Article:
The Rushmore Report – The Left’s Vile Attack on NRA’s Dana Loesch

It’s one thing to have a disagreement over gun control. It is understandable that people fall on both sides of the argument: beef up security at the schools vs restrict access to guns. What is not understandable is the vile and sexist remarks from the Left, directed at NRA leader Dana Loesch.

A series of recent tweets was beyond disgusting.

A man named Jeff Black posted offensive, manipulated pictures of Loesch online, referring to her as a “depraved doggie.” He called the NRA a “death cult,” and slandered Loesch with sexist comments beneath the dignity necessary to be repeated in this space.

When called out for his crude remarks, Black refused to delete them. This elicited a response from Loesch’s husband, Chris.

“This guy doesn’t have the decency to delete this tweet even though he admits that the woman in the pic is not Dana. Is it OK to falsely sexualize women in order to try and demean them?”

Can you imagine the response if an NRA leader had attacked someone from the other side is a similar way? If that had happened, you wouldn’t have to imagine it – the story would be headline news all over the country. To her credit, Dana Loesch has handled the entire episode with her typical dignity and grace.

Will the gun debate ever be solved? Not completely.

Will we make progress? Only if both sides can focus on the issues and leave junior high childish antics behind.

 

Ronald Reagan – Happy Anniversary!

On March 4, 1952, actor and future president Ronald Reagan married his second wife, actress Nancy Davis. The couple wed in Los Angeles at the Little Brown Church in the Valley. For trivia lovers, the matron of honor was Brenda Marshall and the best man was her husband, actor William Holden. Nancy Davis met her husband in 1949 while Reagan was serving as president of the Screen Actors Guild and Nancy was embroiled in an effort to remove her name from the notorious McCarthy-era Hollywood blacklist of possible communist sympathizers. The two fell in love and were married three years later. Ronald Reagan became governor of California in 1967, a position he held until 1975. In 1980, he became president, serving for two terms. For her part, Nancy embraced the role of governor’s wife and later, First Lady. Thought of as America’s first couple, the Reagans appeared to embody traditional American values.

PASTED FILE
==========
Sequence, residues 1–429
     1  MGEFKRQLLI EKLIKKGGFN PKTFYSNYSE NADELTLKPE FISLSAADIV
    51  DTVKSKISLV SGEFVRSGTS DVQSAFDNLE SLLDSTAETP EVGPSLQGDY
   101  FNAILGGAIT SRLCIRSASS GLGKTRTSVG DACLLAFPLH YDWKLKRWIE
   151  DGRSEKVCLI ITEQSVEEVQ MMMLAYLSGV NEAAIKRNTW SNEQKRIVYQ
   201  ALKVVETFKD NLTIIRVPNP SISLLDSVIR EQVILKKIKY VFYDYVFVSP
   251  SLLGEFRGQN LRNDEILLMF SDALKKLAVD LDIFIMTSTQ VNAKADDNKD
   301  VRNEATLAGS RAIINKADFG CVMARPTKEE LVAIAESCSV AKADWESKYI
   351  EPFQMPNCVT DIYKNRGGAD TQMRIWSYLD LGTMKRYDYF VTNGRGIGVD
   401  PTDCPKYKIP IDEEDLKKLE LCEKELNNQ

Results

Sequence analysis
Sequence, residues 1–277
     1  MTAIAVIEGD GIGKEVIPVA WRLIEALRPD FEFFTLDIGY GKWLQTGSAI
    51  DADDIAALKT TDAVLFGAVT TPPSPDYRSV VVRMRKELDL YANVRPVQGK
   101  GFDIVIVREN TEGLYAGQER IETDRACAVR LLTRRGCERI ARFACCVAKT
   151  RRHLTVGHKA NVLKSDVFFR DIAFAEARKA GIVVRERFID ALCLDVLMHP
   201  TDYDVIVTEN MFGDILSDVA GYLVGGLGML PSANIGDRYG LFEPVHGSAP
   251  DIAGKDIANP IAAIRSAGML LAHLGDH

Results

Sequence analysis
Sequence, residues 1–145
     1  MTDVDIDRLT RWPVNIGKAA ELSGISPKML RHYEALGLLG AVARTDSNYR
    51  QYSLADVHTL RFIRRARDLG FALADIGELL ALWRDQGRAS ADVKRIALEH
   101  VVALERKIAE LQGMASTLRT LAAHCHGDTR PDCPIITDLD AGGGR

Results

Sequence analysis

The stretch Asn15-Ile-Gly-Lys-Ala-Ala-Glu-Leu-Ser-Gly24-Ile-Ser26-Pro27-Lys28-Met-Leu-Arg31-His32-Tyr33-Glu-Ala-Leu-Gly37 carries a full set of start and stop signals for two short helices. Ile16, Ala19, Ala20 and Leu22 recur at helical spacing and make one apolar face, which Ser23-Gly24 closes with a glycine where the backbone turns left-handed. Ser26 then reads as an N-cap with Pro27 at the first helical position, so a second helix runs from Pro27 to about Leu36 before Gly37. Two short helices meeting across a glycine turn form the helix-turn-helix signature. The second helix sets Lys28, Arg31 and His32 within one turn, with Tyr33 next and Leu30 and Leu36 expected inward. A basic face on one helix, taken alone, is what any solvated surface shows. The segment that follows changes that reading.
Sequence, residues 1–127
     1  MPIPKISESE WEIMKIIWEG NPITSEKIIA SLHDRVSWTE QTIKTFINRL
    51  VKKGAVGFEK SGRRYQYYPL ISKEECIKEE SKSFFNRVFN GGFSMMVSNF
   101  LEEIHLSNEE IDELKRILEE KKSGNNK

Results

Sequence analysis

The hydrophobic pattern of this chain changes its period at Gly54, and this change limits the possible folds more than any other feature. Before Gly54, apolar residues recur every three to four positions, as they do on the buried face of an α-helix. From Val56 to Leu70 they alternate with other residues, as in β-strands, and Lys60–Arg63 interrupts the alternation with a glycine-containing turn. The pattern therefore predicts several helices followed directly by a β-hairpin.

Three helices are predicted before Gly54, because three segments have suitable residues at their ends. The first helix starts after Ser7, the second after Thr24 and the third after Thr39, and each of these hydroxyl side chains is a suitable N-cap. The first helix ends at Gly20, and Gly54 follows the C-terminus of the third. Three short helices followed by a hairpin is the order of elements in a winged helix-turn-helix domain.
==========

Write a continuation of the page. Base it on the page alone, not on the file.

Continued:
The Reagans were married for 52 years, until the president’s death in 2004. What made their marriage special? One of Reagan’s press secretaries said, “They never stopped courting.” Mr. Reagan once wrote to Nancy, “Whatever I treasure and enjoy, all would be without meaning if I didn’t have you.” When he was in the hospital in 1981, she slept with one of his shirts to be comforted by his scent.

In a remarkable letter in 1994, Reagan wrote, “I have recently been told that I am one of the millions of Americans who will be afflicted with Alzheimer’s disease. I only wish there was some way I could spare Nancy from this painful experience.” Four years later, while he was well into his disease, Nancy told Vanity Fair, “Our relationship is very special. We were very much in love and still are. When I say my life began with Ronnie, well, it’s true. It did. I can’t imagine life without him.”

Happy anniversary, Mr. President. Happy anniversary, Mrs. Reagan.

 

The Rushmore Report – The Question the Media Asks Ivanka Trump that They Would Never Ask Chelsea Clinton

On Monday, Ivanka Trump was interviewed on NBC’s Today Show, when reporter Pete Alexander asked her a personal question about the President of the United States. It was intended to create sensationalism. And it was a question the mainstream media would never ask Chelsea Clinton about her father.

Alexander asked Ivanka about sexual harassment allegations against the President. “Do you believe your father’s accusers?” Alexander asked.

Ivanka offered a brilliant response. “I think it’s a pretty inappropriate question to ask a daughter if she believes the accusers of her father when he’s affirmatively stated that there’s no truth to it. I don’t think that’s a question you would ask many other daughters. I believe my father. I know my father, so I think I have that right as a daughter, to believe my father.”

Ben Shapiro writes, “Whether President Trump ought to be believed in his rejection of all accusations of sexual misconduct is one question. (The simple answer is no, given his history and the multiplicity of the allegations.) But there’s little question that children tend to believe what their parents say. And there’s no question that Ivanka is absolutely right about the media’s variable treatment of Republican children and Democratic children. The question to Ivanka wasn’t inappropriate. But has any member of the media ever asked Chelsea Clinton about rape and sexual harassment allegations regarding Bill Clinton?”

There is a really good reason so many Republicans believe the media is biased against them. They are.